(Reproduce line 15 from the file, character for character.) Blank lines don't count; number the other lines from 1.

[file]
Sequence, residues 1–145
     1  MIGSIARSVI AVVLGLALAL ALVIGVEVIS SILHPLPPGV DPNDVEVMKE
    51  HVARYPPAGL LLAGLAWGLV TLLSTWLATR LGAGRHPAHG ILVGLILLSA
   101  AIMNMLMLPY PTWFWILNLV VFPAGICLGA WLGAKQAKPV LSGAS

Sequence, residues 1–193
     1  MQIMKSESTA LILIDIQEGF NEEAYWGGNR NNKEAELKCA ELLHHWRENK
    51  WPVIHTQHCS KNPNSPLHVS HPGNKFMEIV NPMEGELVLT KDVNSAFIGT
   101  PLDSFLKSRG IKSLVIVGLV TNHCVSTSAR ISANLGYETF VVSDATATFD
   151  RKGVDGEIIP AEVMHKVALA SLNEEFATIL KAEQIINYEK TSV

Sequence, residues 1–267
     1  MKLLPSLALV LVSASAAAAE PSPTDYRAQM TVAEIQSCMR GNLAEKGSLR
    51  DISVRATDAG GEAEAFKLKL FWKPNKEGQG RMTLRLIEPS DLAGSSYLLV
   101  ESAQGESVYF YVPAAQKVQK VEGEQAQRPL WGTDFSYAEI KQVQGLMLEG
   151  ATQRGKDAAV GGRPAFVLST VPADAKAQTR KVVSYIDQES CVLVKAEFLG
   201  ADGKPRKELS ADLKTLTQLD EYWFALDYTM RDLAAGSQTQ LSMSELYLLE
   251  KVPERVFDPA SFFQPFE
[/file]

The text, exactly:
   201  ADGKPRKELS ADLKTLTQLD EYWFALDYTM RDLAAGSQTQ LSMSELYLLE